But that’s not the way it worked with Greek myths.

Take the myth of Persephone. In place of a direct cause-effect action between the mythic story and the real world we enter the realm of metaphor:

The story of Persephone’s annual return from the world of the dead, for example, when narrated in connection with the Eleusinian mysteries, was not meant to suggest that initiates into the mysteries would similarly return from the Underworld for a portion of each year after they had died, but rather reminded them that initiation ensured them happier existences down below once they had gotten there. Persephone’s experiences were a metaphor for those of the initiates; the two shared the salient characteristic of being partial triumphs over death but differed insofar as, among other things, although Persephone annually returned to the world of the living, the dead initiates did not. When narrated in connection with the Thesmophoria, the same story metaphorically expressed the celebrants’ hopes that crops would once again rise from the dark earth into which seeds were cast; the two shared the salient characteristic of anticipating the annual return of something desirable but differed insofar as, for example, although Persephone returned each year in her own right, the crops “returned” only in the sense that their seeds generated new plants to replace them (an idea that, in turn, served as a metaphor for the Thesmophoria’s other focus: the successful conception and birth of new human children). The fact that some stories, like this one, could serve as meaningful accompaniments for two different festivals with different primary goals underscores their metaphorical nature: had the relationship between the myths and the rituals I just described been one of straightforward analogy, such double service would not have worked very well.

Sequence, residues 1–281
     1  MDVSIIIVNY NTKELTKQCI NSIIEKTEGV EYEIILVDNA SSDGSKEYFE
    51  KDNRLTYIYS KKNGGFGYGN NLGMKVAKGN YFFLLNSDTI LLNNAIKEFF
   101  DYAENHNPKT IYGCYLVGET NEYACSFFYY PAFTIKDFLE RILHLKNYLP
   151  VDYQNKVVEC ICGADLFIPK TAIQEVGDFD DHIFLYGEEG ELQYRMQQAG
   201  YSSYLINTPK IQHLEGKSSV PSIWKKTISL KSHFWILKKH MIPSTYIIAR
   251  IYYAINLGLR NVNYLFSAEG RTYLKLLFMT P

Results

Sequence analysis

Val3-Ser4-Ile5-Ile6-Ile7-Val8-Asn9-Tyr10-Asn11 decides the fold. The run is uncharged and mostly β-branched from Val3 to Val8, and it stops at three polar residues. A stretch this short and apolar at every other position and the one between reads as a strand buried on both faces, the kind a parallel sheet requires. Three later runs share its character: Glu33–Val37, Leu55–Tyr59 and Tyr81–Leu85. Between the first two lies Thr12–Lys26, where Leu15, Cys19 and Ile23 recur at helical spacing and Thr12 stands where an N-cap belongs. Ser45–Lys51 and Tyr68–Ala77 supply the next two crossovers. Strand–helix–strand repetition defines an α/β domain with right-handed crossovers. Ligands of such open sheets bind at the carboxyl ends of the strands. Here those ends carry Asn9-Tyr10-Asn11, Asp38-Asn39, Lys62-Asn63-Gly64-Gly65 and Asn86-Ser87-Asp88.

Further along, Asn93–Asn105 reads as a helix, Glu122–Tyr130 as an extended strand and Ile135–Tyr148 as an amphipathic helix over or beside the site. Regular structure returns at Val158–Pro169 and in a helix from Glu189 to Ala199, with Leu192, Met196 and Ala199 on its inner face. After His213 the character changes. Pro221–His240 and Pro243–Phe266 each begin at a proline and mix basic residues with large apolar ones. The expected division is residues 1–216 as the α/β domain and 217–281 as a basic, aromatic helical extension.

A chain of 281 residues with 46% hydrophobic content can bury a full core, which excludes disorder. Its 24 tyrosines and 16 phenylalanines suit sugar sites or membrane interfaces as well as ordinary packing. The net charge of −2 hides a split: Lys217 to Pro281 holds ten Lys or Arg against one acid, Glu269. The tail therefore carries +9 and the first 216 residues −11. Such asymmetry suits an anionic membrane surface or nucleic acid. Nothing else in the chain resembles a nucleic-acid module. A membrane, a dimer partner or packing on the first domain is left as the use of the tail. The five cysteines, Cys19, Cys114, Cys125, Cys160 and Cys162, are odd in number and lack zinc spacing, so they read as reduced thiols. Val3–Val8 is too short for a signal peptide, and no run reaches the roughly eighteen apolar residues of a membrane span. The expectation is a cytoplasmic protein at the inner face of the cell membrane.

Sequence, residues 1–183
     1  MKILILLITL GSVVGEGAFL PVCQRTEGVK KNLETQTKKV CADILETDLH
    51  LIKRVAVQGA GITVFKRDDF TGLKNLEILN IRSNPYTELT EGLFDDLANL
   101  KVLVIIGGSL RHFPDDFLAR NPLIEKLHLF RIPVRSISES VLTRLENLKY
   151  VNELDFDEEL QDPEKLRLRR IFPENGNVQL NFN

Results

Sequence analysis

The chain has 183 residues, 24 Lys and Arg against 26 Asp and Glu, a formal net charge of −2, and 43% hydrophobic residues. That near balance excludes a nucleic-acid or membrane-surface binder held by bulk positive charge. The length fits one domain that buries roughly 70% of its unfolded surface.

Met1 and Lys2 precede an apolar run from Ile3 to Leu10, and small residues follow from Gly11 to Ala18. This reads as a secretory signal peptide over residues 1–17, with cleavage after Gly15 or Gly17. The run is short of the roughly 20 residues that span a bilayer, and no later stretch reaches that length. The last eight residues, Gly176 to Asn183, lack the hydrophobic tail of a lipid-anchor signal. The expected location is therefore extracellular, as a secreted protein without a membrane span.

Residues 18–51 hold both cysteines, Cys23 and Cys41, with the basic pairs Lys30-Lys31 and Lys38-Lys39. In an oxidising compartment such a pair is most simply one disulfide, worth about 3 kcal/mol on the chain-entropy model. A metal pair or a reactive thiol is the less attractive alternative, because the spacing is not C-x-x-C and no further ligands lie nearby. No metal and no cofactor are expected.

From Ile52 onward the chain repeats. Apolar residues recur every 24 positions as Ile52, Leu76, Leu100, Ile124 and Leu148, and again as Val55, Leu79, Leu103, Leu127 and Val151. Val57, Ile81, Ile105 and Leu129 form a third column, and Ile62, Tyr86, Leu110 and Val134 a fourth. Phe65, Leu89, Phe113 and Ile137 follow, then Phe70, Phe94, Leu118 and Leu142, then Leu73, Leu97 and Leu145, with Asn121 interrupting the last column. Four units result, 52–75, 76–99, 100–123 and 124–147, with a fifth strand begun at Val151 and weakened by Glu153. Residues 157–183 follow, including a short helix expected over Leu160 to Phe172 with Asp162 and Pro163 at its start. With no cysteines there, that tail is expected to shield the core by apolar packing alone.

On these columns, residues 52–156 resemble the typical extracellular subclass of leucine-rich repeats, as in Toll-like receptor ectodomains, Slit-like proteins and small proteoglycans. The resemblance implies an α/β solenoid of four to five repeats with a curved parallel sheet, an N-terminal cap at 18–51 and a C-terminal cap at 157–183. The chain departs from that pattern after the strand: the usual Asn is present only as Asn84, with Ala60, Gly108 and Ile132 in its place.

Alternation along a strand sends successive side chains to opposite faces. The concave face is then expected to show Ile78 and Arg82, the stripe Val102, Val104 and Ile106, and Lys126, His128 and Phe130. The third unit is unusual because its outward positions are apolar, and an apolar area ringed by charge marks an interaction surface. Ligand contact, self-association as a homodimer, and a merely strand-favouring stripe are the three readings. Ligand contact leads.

(p. 184)

To understand the point further:

. . . the aim of a traditional historiola, after all, is to cause something in the quotidian realm to pattern itself after something in the mythic realm not in only one or two salient ways but rather as closely as possible. 

(p. 182)

But Greek myths were not like that. They did not have that sort of magic power; they were not told to produce magical effects in this world.

. . . the deeds described by the myths existed on a continuum that flowed uninterruptedly into the time of the listeners. A well-narrated Greek myth would leave those listeners feeling not that they were repeating paradigmatic actions of the gods and heroes that had been performed eons ago (as is the case with historiolae), but rather that they were living amongst the gods and heroes, even if as lesser partners.

(p. 190)

No, the Greek myths were different. They somehow “prepared their audiences to feel as if they were living amongst the gods and heroes.”

The Metaphorical Myth

read more »


2020-01-18

Review, parts 9 and 10a. Jesus as Lawgiver and Miracle Worker (Litwa: How the Gospels Became History)

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by Neil Godfrey